U.S. Ambassador: U.S. remains Iraq’s largest donor and supporter

Iraq 04:15 PM - 2024-03-18
 U.S. Ambassador to Iraq Alina L. Romanowski. U.S. Embassy's Media

U.S. Ambassador to Iraq Alina L. Romanowski.

Iraq The US

The United States (U.S.) Ambassador to Iraq reveals an article that the  United States remains Iraq’s largest donor and supporter having contributed over $18 billion to Iraq.

In an article sent to PUKMEDIA, the U.S. Ambassador to Iraq Alina L. Romanowski revealed why it is so important that U.S. partnership remains and why  a Strategic U.S.-Iraq Partnership Matters for the Iraqi People.

She said: "The stakes in answering this question are high – not just for U.S.-Iraq relations, but for Iraq’s relationship with the world." Adding: "Within the historic 2008 U.S.-Iraq Strategic Framework Agreement that guides our relationship, I see how much Iraq has to gain from our enduring strategic partnership because I see the dividends our strong relationship is already bringing to Iraqis. Here is what I see. "

She further said: "We are committed to Iraq’s security, stability, and sovereignty, having stood shoulder-to-shoulder with Iraqi partners to liberate Iraq from the scourge of Da’esh (Islamic State or ISIS). As we mark the tenth anniversary of the rise of Da’esh and fifth anniversary of its territorial defeat, we should be clear-eyed about the threat it still poses to Iraq – from both Iraq and Syria."

Adding: "We want Iraq’s security forces to have the capability they need to meet future threats, which is why, since 2012, the U.S. Congress has appropriated more than $3.5 billion to build up Iraq’s security forces. The United States provides critical sustainment, world-class equipment like F-16 fighter jets and M1 Abrams battle tanks, and professional training that bolsters Iraqi security forces to be representative of Iraq’s diverse society, answerable to Iraq’s sovereign government, and capable of defending Iraq and its role forging stability across the Middle East."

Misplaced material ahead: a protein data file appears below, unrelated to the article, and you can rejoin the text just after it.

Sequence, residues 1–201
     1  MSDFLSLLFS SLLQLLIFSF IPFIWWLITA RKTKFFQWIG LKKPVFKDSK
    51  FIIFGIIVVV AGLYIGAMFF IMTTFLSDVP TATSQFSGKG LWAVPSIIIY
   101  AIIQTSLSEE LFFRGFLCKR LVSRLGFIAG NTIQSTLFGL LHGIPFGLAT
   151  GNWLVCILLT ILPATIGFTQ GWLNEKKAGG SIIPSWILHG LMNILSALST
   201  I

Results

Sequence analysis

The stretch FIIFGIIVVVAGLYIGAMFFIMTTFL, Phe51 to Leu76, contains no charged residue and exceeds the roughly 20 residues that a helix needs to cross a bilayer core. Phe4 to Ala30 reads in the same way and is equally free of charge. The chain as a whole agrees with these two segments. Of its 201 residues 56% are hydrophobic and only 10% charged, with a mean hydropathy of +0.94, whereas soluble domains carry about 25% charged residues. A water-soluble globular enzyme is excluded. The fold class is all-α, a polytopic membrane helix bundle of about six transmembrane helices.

Ambassador Romanowski  pointed out that the U.S. needs much more than just a security relationship with Iraq, but also economic, cultural, educational, and people-to-people ties that build a modern Iraq that is stable, secure, sovereign, prosperous, and connected to the world. 

Moreover, she said: "The United States remains Iraq’s largest donor and supporter. Over the last 20 years, the U.S. Agency for International Development has provided Iraq more than $11 billion in development aid to improve communities. This helped Iraqis launch hundreds of new businesses, create thousands of new jobs, and build 150 new schools, 25 health care clinics, and 130 water facilities. Since 2014, we have provided more than $3.6 billion to support vulnerable displaced Iraqis and refugees with health care, medicine, safe drinking water, and better sanitation. Just since 2017, we have invested $157 million in Iraqi-led projects to help bring drinkable water to more than 12 million Iraqis. "

Adding: "To be sure, other countries are knocking at Iraq’s door and advertising alternatives to what the United States and our partners offer. But as the U.S. Ambassador to Iraq, I don’t see any of them delivering to the Iraqi people as much as the United States already does every day. And none can offer Iraq an equivalent real and equal partnership that connects Iraq with the world and fosters Iraq’s prosperity. We are building bridges between the people of United States and Iraq that will last generations."

She concluded by saying: "When I speak to Iraqi young people representing this country’s changemaking future, they tell me they want more reliable services, better education, greater employment, higher quality of life, and more opportunity. Knowing everything we can accomplish together through a strong U.S.-Iraq strategic partnership, we can be part of making their dreams a reality."

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